Monday Music Roundup
I was so happy to finally seize summer by the . . . horns (I started a metaphor I can't finish) this weekend and go camping out in the Colorado wild. Well, as wild as you can get being twenty minutes from downtown Denver, but still -- camping is something I've been meaning to do the last few summers and it just never seemed to happen until now. There were actual tents and campfires involved, and I couldn't be happier. And really who knew that s'mores and beer went so well together?
So much awesomeness in less than 24 hours (ah yes, the short, wimpy kind of camping): I inadvertently melted the soles of my black flipflops by resting my feet on the firepit all night, got to see a gorgeously unobstructed sunset, and I'm not even kidding our tent got loosely surrounded by a yipping pack of passing coyotes around 3am -- a bit eerie, but rad.
We didn't try to bring any tunes camping, but if we had we would have first and foremost listened to Creedence (my favorite camping music) and secondly perhaps to some of these fine selections for the week:
This was another must-see recommendation to me from several different folks who caught blistering Brooklyn trio Earl Greyhound at the XPoNential Music Fest in Philly this past summer. Their influences range from the immediate swagger of Led Zeppelin (you can certainly hear the "Black Dog" echoes here) to The Beatles (on gentler songs like "Good") and all kinds of Seventies jams in between. Guitarist Matt Whyte yowls and howls, sharing vocal duties with foxy lady bassist Kamara Thomas, while Ricc Sheridan kills it on the drums. They are coming to Monolith this weekend at Red Rocks -- sign me up for a good seat Saturday night. Their album Soft Targets is available now.
The Girl (Beck remix)
Speaking of Philly, Dr. Dog is currently one of the absolute finest exports of the city of brotherly love. Their MySpace says they are "interested in three-part harmonies, the out-of-doors, soya rotis, baking bread and diminished chords." Sounds good to me, as does their 2007 album We All Belong. This is a remix from the upcoming single of "The Girl" -- Some Velvet Blog loves Dr. Dog and has the original tune here, if you are interested in hearing what it sounded like before Tiny Beck got his wildly creative hands on it. The Girl 7" will be released in limited quantities in October and will be free at independent record stores when you buy Easy Beat or We All Belong. The flip side will feature their ace remix of "Heart it Races" by Architecture in Helsinki (go listen on their MySpace). Dr. Dog are currently on tour with and without Wilco.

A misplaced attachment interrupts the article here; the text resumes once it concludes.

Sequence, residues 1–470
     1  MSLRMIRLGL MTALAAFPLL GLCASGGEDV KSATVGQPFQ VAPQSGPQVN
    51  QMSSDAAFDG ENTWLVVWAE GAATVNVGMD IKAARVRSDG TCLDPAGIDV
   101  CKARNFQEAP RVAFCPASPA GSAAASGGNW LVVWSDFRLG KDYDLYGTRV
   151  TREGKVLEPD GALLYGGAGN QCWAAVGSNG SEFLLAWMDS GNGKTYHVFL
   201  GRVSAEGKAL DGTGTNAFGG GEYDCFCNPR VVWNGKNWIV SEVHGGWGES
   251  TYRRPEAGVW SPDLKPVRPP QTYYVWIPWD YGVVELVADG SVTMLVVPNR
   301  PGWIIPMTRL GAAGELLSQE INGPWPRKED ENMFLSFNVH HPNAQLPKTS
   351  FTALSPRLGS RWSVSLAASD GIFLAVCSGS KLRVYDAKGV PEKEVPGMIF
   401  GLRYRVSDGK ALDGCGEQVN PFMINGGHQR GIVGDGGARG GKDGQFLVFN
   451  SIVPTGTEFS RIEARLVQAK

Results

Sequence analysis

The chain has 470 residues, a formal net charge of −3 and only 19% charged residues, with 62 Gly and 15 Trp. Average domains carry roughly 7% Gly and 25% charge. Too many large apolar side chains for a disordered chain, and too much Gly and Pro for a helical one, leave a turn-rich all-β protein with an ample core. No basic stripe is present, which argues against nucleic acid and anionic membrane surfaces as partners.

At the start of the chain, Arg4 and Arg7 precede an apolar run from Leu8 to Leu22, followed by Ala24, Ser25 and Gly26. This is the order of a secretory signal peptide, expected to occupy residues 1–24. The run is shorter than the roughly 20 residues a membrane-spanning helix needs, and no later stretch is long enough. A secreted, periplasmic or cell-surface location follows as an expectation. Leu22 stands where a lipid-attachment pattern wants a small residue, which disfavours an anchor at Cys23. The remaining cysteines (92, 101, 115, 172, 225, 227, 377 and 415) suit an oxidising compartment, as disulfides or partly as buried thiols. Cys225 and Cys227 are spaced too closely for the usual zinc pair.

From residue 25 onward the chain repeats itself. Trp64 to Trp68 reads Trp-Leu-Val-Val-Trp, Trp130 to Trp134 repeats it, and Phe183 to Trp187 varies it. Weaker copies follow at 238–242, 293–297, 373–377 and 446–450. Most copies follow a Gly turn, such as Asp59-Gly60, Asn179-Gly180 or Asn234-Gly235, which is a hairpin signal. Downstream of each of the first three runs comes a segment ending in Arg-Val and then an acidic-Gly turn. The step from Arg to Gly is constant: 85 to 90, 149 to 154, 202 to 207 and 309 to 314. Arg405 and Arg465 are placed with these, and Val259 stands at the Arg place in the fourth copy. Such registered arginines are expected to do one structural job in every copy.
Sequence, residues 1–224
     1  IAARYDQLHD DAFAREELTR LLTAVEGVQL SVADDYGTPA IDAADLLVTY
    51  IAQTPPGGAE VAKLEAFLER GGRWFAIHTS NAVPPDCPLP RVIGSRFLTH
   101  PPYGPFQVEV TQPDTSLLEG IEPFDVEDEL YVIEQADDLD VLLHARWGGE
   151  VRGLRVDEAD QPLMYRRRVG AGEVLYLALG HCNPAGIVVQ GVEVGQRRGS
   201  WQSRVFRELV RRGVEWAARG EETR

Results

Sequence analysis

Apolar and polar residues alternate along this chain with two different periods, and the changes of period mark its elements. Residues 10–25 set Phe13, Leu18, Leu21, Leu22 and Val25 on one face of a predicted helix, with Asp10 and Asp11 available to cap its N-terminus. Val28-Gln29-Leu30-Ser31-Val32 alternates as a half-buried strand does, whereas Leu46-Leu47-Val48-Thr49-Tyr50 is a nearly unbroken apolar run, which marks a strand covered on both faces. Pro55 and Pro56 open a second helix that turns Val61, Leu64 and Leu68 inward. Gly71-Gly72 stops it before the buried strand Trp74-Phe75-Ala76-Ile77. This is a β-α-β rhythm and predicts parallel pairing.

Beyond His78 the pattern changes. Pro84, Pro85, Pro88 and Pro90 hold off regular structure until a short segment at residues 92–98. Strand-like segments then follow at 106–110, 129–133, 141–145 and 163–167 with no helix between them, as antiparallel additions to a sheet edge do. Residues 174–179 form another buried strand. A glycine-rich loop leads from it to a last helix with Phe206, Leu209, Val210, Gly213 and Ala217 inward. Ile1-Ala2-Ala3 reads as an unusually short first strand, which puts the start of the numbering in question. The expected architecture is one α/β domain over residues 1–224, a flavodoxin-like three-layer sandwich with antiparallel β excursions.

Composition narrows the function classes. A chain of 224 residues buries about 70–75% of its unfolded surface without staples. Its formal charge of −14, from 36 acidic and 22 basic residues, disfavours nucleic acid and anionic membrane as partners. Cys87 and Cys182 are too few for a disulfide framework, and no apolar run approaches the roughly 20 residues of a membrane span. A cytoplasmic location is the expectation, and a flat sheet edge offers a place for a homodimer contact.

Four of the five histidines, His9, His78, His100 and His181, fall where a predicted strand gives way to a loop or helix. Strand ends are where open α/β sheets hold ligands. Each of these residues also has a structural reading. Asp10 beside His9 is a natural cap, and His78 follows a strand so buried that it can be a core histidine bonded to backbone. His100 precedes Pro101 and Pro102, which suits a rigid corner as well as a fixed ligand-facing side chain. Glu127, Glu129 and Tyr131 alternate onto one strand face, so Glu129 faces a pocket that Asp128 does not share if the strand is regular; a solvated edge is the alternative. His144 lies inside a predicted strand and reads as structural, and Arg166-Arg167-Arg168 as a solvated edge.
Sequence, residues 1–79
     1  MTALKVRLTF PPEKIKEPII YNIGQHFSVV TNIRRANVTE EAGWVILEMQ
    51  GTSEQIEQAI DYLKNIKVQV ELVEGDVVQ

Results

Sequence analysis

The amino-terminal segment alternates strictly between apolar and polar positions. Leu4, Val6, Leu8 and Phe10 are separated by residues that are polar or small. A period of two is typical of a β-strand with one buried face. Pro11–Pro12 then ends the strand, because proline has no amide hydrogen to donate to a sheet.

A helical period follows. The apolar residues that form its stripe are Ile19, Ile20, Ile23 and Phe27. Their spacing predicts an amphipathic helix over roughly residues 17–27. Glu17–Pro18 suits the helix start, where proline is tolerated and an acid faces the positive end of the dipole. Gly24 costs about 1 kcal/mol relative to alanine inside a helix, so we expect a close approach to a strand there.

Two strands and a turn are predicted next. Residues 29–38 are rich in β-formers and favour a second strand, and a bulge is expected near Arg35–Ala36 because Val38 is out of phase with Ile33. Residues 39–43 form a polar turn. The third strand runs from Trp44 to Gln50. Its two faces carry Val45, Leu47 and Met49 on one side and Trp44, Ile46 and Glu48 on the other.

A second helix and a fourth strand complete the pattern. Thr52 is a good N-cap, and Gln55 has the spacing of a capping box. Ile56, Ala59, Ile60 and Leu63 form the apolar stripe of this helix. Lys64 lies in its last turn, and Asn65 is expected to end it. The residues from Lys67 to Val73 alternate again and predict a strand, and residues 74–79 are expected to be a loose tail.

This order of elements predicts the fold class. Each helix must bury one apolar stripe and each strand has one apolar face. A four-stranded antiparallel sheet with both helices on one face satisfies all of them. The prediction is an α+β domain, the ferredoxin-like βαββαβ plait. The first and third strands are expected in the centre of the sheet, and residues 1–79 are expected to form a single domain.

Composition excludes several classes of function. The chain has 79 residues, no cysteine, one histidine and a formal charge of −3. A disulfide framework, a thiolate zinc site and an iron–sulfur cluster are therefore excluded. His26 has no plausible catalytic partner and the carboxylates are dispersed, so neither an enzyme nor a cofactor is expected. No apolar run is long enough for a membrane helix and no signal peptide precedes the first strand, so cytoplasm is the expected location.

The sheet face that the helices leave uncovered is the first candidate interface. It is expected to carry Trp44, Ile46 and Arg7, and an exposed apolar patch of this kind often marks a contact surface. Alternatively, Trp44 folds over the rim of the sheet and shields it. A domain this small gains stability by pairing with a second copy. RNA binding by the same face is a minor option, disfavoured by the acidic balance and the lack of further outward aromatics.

I first posted this machine-gun dancehall punk delight waaaay back when I had 12 readers, after seeing The Dead 60s open for Social Distortion at the Gothic Theatre in November 2005. They put on a great, energetic show and I can definitely hear that someone has been listening to a lot of The Clash and The Specials, which aren't bad influences to have. This bright-eyed foursome from Liverpool is back with some new stuff this week (check it out on their MySpace), and they just announced that they'll be supporting Ash (is this the end of the world?) on their upcoming Fall tour.
You Don't Wanna Leave
This warm and rootsy song from Chicago+Milwaukee singer/songwriter Mike Mangione could be the perfect tune for the impending autumn weather. Its honey richness sticks in your head, and made me smile from the moment I first heard the opening melody. The acoustic playfulness reminds me a bit of Van Morrison, and is recommended for fans of the literate alt-county of Rocky Votolato, or even the catchy pop hooks of Rob Thomas, believe it or not. Tenebrae is the Latin word for darkness, and it's also the title of his newest release, which can be streamed in full over on his website.
The Beat That My Heart Skipped
Dan Le Sac vs. Scroobius Pip
This is the song I am most giddy about today, because it's so much fun. I've written about this Essex, England duo with the odd name before - remember that fantastic video for "Thou Shalt Always Kill"? Yeah, I watched that about a dozen times in one day; I find the contrast of the literate words, the hip-propelling beats, surreal video art direction, and the appearance that the guy could possibly be a traditional old-school Hasidic Jewish man (he's not, he's just rockin the beard as far as I know) to be irresistibly interesting. This new song starts out like something Ben Harper would conjure up, and sounds even better while watching the video:
THE BEAT THAT MY HEART SKIPPED,
DAN LE SAC vs SCROOBIUS PIP [UK download]